An immigrant stands in a holding cell at the U.S. Immigration and Customs Enforcement detention facility in Florence, Arizona. (Photo by John Moore/Getty Images

For many months now, states all over the U.S. and the federal government have taken steps to “get tough” on undocumented immigrants of color without taking into account the fact that workers are crossing the border because U.S. employers are desperate for their labor and no visas exist to permit their entry.

Instead of spending their time tackling this reality, which if actually addressed might create a basis for the nondiscriminatory enforcement of immigration laws, legislators are instead continuing to introduce bills, such as Rep. Lamar Smith’s H.R. 1932.

These bills throw more money at detention centers and enforcement operations and ups the ante by making their imprisonment mandatory and indefinite, regardless of Supreme Court precedent finding that it’s unconstitutional.


Migrants’ Rights: A Visual and Verbal Journey

By Amalia Greenberg Delgado, Immigrants’ Rights Coordinator

“You don’t imagine that your dreams can end in a moment on this journey… he [the soldier] pulled me by the hand and told me to walk further into the bushes. He took me far away from the train tracks until we were completely alone. He told me to take my clothes off so that he could see if I was carrying drugs. He said that if I did what he said he would let me go.”
Margarita (not her real name), a 27-year-old Salvadoran migrant, describing how she was sexually abused by a soldier, Amnesty International interview, June 2009.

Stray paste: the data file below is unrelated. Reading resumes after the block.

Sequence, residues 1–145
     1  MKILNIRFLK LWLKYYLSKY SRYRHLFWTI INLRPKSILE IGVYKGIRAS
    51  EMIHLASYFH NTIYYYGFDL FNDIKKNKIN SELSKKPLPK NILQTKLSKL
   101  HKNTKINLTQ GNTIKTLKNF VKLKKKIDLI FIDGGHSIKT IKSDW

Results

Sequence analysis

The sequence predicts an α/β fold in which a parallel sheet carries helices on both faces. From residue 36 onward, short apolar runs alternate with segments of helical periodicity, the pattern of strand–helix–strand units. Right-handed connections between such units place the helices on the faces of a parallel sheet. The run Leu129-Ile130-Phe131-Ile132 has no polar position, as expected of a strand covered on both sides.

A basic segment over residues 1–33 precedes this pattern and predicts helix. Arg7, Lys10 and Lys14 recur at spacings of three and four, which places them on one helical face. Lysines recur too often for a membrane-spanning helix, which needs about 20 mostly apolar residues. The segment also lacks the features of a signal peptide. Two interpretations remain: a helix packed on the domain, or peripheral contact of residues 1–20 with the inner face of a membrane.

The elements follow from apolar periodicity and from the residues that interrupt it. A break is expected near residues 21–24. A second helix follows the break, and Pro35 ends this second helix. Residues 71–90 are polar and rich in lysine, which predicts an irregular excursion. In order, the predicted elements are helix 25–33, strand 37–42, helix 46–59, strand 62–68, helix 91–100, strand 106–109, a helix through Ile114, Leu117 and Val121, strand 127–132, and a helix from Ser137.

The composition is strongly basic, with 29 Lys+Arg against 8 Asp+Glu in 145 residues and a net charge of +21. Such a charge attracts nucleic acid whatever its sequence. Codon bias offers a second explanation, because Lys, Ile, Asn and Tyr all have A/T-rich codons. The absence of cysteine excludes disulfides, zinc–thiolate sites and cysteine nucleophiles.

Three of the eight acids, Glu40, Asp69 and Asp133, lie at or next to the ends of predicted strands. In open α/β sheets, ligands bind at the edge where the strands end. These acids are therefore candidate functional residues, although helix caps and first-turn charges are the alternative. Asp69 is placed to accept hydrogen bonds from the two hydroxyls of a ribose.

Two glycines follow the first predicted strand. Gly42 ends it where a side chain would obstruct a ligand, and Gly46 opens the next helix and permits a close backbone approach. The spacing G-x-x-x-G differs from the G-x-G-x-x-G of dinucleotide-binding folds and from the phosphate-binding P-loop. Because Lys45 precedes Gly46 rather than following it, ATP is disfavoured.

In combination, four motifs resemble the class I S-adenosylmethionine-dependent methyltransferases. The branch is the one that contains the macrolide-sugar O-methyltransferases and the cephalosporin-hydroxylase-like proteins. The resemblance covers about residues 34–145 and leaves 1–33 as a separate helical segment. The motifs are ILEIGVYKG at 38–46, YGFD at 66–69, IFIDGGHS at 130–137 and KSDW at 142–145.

Every year, tens of thousands of women, men and children travel without legal permission through Mexico to reach the United States. They flee poverty, war, environmental disasters and are enticed by a promise of freedom and a chance to join their families in the North. Some disappear on the journey without trace, kidnapped and killed, robbed and assaulted or sometimes falling or thrown off speeding trains. Some suffer arbitrary detention and extortion by public officials along the way. The litany of abuses and repeated attempts to reach the United States are testaments to the determination migrants have to build a better life.

At the Annual General Meeting (AGM) this past Saturday, March 19, 2011, Amnesty International USA heard from leaders in the movement about increased human rights abuses of migrants on both sides of the United States’ southern border. Father Solalinde, a human rights defender and director of a migrants’ shelter in Oaxaca, spoke of the “globalization of love” and the absolute right to dignity that must be afforded to all human beings. His soft spoken words did not lessen the blows of his words as he reminded us of the struggles that migrants face.